Hungary Quotes

Quotes tagged as "hungary" (showing 1-16 of 16)
Martin Luther King Jr.
“We should never forget that everything Adolph Hitler did in Germany was "legal" and everything the Hungarian freedom fighers did in Hungary was "illegal." It was "illegal" to aid and comfort a Jew in Hitler's Germany.”
Martin Luther King Jr.

Algernon Blackwood
“Great revelations of nature, of course, never fail to impress in one way or another, and I was no stranger to moods of the kind. Mountains overawe and oceans terrify, while the mystery of great forests exercises a spell peculiarly its own. But all these, at one point or another, somewhere link on intimately with human life and human experience. They stir comprehensible, even if alarming, emotions. They tend on the whole to exalt.”
Algernon Blackwood, The Willows

Thomas Pynchon
“Stencil had called from a Hungarian coffee shop on York Avenue known as Hungarian Coffee Shop”
Thomas Pynchon, V.

Christopher Hitchens
“And thus to my final and most melancholy point: a great number of Stalin's enforcers and henchmen in Eastern Europe were Jews. And not just a great number, but a great proportion. The proportion was especially high in the secret police and 'security' departments, where no doubt revenge played its own part, as did the ideological attachment to Communism that was so strong among internationally minded Jews at that period: Jews like David Szmulevski. There were reasonably strong indigenous Communist forces in Czechoslovakia and East Germany, but in Hungary and Poland the Communists were a small minority and knew it, were dependent on the Red Army and aware of the fact, and were disproportionately Jewish and widely detested for that reason. Many of the penal labor camps constructed by the Nazis were later used as holding pens for German deportees by the Communists, and some of those who ran these grim places were Jewish. Nobody from Israel or the diaspora who goes to the East of Europe on a family-history fishing-trip should be unaware of the chance that they will find out both much less and much more than the package-tour had promised them. It's easy to say, with Albert Camus, 'neither victims nor executioners.' But real history is more pitiless even than you had been told it was.”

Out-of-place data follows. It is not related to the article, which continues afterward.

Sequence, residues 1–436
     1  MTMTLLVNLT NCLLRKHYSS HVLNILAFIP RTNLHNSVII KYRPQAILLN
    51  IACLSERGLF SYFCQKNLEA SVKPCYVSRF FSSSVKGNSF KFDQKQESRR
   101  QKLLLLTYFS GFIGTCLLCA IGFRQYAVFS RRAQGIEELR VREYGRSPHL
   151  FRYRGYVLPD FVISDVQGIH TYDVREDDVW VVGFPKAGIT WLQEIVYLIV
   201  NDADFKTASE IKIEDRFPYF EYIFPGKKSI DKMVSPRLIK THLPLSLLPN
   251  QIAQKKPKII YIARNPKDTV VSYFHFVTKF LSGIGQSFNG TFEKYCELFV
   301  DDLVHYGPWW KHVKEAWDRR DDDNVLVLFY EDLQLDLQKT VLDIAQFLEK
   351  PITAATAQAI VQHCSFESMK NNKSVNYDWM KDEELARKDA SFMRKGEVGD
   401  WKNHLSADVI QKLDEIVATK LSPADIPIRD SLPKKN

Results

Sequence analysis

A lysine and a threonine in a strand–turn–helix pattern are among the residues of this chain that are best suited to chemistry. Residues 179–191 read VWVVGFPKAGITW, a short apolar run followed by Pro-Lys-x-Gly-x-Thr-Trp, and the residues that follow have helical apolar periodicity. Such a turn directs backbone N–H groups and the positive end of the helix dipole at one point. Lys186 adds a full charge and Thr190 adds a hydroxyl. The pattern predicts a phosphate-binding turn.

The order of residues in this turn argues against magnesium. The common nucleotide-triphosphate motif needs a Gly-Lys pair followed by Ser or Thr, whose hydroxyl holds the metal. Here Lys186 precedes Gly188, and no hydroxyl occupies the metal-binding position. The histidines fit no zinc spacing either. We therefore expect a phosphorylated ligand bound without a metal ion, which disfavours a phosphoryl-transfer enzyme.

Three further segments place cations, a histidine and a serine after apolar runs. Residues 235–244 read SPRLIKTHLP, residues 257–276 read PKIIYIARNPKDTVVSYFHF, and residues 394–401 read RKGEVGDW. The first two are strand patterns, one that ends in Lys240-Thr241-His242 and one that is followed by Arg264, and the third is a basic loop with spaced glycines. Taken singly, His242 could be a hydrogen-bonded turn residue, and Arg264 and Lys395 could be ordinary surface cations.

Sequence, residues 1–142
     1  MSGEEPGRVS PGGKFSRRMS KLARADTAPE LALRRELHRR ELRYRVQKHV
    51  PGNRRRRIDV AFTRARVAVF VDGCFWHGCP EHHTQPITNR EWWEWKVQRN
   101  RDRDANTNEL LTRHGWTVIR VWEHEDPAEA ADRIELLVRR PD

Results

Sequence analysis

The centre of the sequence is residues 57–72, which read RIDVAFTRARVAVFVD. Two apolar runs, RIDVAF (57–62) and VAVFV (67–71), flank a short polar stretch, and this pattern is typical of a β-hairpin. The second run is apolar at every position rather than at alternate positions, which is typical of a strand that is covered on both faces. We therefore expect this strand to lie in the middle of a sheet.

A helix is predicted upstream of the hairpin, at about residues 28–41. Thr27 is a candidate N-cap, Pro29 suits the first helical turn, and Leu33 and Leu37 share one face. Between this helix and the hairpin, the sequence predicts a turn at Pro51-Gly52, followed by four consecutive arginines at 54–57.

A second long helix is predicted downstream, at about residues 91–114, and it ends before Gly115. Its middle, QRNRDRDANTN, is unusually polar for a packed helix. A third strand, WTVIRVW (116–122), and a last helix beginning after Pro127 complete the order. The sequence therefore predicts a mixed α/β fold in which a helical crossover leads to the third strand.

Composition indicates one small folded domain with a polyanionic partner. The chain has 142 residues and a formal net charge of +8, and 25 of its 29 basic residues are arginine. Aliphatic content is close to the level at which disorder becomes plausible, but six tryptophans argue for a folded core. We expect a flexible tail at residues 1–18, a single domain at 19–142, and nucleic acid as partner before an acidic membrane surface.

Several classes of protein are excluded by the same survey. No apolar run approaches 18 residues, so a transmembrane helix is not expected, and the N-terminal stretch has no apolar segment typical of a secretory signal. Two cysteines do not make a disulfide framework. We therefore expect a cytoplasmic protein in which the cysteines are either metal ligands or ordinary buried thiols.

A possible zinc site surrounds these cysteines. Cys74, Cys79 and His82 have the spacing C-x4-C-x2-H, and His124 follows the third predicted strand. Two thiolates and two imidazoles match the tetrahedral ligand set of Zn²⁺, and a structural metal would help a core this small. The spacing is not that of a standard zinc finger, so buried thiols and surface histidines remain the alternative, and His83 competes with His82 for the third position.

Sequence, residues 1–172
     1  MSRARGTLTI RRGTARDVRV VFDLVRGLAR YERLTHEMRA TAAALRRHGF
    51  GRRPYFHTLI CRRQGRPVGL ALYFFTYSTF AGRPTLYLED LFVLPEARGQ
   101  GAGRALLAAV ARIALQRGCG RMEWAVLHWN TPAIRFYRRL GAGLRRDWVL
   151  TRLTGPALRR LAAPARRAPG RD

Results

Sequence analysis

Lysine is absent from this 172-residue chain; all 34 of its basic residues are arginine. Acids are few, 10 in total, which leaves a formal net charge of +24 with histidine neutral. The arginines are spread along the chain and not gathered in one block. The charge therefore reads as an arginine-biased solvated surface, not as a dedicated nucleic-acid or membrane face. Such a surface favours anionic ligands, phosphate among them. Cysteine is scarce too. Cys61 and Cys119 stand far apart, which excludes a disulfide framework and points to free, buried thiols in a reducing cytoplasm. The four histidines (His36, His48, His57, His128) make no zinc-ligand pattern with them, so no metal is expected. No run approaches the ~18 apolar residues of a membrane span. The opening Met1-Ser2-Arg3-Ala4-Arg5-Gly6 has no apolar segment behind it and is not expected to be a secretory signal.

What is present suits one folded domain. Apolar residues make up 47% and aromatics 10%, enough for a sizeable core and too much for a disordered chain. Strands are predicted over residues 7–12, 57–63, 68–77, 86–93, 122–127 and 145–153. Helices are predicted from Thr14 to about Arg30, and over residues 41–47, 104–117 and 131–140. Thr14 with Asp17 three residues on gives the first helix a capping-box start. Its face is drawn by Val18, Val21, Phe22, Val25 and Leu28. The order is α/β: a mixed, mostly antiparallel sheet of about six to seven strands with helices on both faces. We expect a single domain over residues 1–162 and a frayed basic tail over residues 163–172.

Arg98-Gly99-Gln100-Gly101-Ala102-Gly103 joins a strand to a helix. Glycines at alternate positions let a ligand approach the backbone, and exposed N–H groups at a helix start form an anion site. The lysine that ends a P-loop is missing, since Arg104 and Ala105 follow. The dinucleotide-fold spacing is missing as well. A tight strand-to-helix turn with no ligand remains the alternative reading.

Christopher Hitchens, Hitch 22: A Memoir

Susan Faludi
“The camera only documented what had been there all along, a marriage whose foundations, constructed from the cheap materials of convention and fear, had been buckling for years.”
Susan Faludi, In the Darkroom

Susan Faludi
“At a crucial point in my early twenties, being able to end a pregnancy had restored to me what I regarded as a normal life. I remember that it saved me.”
Susan Faludi, In the Darkroom

Viktor Orbán
“This is our homeland, our life, and since we don't have another one, we will fight for it until the very end and we will never give it up.”
Viktor Orbán

“Islam will aim to establish itself as the majority in France, Germany, Austria, Sweden, Finland, the Netherlands and the United Kingdom. Any country, in which they successfully establish themselves will serve as their primary base for the invasion of neighbouring countries (such as Switzerland, Liechtenstein, Denmark, Hungary and the Mediterranean)”
Anita B. Sulser, We Are One

Susan Faludi
“Here was a Jewish man-turned-woman making fun of Jewish men for not being manly enough.”